WTO: 2012 NEWS ITEMS

DISPUTE SETTLEMENT

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NOTE:
This summary has been prepared by the WTO Secretariat’s Information and External Relations Division to help public understanding about developments in WTO disputes. It is not a legal interpretation of the issues, and it is not intended as a complete account of the issues. These can be found in the reports themselves and in the minutes of the Dispute Settlement Body’s meetings.

DS316: European Communities and Certain Member States — Measures Affecting Trade in Large Civil Aircraft

The United States recalled that under Article 7.9 of the Subsidies and Countervailing Measures (SCM) Agreement, the European Union had six months from the date of adoption of the rulings to withdraw the subsidies or take appropriate steps to remove their adverse effects. The six-month period ended on 1 December 2011. The US stated that in its view the EU appeared to have failed to comply.

The US said that its consultations with the EU had failed to resolve the dispute. According to the US, the EU had introduced new subsidies. The US further recalled that, in looking at the effect of the EU subsidies, the Appellate Body had confirmed the Panel's finding that among the most plausible scenarios was that “without the subsidies, Airbus would not have existed ... and there would be no Airbus aircraft on the market. None of the sales that the subsidized Airbus made would have occurred.” (Appellate Body Report WT/DS316/AB/R, para. 1264)

The US also stated that the EU notification (WT/DS316/17) concerning the steps it had taken to comply showed that it had not changed its behaviour in any meaningful way, and that the actions the EU claimed to have taken appeared to do nothing to withdraw the subsidies or to remove their adverse effects. According to the US, the EU notification acknowledged that the largest launch aid subsidies, for the A380, remained in place. The US added that Airbus itself reported that it had received new launch aid for the A350XWB.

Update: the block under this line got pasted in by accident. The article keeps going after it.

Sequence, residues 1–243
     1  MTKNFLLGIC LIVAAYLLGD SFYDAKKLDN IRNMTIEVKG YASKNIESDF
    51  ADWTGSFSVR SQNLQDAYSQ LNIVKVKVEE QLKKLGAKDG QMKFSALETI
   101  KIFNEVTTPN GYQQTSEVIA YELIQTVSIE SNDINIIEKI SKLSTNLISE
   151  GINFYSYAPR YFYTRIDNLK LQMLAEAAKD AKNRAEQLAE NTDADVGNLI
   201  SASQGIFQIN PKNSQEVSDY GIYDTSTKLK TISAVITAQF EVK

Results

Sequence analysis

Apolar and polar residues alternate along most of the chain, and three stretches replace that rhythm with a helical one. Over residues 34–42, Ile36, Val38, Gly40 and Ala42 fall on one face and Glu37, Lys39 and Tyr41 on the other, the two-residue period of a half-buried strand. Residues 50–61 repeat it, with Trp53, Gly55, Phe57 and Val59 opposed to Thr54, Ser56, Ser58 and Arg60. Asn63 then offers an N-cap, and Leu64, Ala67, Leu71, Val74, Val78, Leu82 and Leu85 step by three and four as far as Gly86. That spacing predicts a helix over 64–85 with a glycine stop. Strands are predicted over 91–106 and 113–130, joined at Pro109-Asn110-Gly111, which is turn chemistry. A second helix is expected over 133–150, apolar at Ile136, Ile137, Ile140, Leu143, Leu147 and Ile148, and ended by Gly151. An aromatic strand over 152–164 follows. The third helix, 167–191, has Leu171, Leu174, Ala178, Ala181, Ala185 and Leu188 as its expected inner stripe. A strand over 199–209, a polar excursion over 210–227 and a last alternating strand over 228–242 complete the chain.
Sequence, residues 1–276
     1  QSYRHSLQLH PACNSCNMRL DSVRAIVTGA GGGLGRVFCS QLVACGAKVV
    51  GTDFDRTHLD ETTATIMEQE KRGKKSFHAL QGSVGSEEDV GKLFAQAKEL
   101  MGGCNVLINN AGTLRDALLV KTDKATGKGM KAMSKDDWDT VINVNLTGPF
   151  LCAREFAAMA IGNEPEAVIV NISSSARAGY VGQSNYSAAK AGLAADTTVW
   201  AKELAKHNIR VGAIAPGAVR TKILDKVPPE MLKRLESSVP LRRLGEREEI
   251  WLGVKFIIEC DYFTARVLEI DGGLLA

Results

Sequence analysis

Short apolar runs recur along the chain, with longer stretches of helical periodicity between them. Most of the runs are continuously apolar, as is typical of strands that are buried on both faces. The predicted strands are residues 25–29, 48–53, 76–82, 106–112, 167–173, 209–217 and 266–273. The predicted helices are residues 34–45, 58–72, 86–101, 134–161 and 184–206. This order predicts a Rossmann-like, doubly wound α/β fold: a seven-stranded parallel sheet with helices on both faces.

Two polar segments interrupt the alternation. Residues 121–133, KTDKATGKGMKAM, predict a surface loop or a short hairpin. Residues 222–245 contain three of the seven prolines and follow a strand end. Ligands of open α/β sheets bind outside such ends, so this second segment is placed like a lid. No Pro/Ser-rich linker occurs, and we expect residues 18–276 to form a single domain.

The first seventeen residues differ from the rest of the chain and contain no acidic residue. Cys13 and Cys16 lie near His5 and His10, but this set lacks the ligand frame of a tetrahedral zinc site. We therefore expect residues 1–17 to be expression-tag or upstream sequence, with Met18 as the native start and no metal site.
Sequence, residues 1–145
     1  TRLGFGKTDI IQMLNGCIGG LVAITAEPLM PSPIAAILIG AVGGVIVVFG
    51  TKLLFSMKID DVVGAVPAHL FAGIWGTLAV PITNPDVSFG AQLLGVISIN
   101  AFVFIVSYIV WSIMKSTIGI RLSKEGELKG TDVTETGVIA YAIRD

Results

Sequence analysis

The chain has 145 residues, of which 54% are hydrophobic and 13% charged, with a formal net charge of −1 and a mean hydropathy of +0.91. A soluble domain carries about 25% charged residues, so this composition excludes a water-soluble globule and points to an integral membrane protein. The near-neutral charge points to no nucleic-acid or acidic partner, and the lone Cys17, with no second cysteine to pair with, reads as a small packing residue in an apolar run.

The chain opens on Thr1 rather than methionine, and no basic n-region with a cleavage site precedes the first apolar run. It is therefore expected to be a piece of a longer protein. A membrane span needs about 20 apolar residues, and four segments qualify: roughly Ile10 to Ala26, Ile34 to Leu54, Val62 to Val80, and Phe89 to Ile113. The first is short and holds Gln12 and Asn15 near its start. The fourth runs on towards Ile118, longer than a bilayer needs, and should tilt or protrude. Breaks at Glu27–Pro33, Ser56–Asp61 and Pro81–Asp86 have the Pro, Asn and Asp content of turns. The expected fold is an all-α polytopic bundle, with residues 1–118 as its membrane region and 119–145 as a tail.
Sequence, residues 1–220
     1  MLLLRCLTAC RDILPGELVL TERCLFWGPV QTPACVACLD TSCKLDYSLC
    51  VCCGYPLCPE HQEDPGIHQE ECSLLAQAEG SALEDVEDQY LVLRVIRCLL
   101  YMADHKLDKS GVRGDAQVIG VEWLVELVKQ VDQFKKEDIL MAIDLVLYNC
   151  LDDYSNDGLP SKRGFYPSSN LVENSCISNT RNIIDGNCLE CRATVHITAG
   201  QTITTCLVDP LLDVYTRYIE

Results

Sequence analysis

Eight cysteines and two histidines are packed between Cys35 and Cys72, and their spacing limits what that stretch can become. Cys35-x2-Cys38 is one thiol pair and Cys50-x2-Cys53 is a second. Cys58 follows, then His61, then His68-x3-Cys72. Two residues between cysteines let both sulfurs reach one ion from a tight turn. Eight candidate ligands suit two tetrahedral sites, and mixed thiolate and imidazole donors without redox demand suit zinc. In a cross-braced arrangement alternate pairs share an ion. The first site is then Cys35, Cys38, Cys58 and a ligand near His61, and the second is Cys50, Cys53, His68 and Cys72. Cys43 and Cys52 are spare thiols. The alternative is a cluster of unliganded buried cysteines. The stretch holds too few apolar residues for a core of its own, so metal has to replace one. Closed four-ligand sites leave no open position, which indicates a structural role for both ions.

In conclusion, the US said that, while claiming to have complied, the EU seemed to have made the problem worse.

The EU responded by saying that it was in full compliance with the DSB's rulings as it had notified on 1 December 2011 (WT/DS316/17). In line with its sequencing agreement with the US (WT/DS316/21), the EU agreed to the establishment of a panel. The following delegations reserved their third-party rights: Australia, Canada, China, Japan and Korea.

 

DS353: United States — Measures Affecting Trade in Large Civil Aircraft

The panel and Appellate Body reports in this case were adopted by the DSB at its last meeting on 23 March. As required by dispute settlement procedures, the US was expected to inform the DSB, within 30 days of adoption, about its intentions concerning implementation.

The US stated that it intended to implement the rulings in a manner that respected US WTO obligations, and that it intended to do so within the time-frame established in Article 7.9 of the SCM Agreement.

The EU welcomed the US statement. The EU further pointed out that Article 7.9 of the SCM Agreement provided a six-month period from date of adoption for the US to take appropriate steps either to withdraw the subsidies or to remove their adverse effects. The EU said that this period would expire on 23 September 2012.

According to the EU, these subsidies had been found to cause adverse effects not only in the form of significant lost sales and the threat of losing market share, but also of price effects which had caused Airbus financial losses to the tune of billions of euros.

Next meeting of the DSB is scheduled for 24 April 2012.

 

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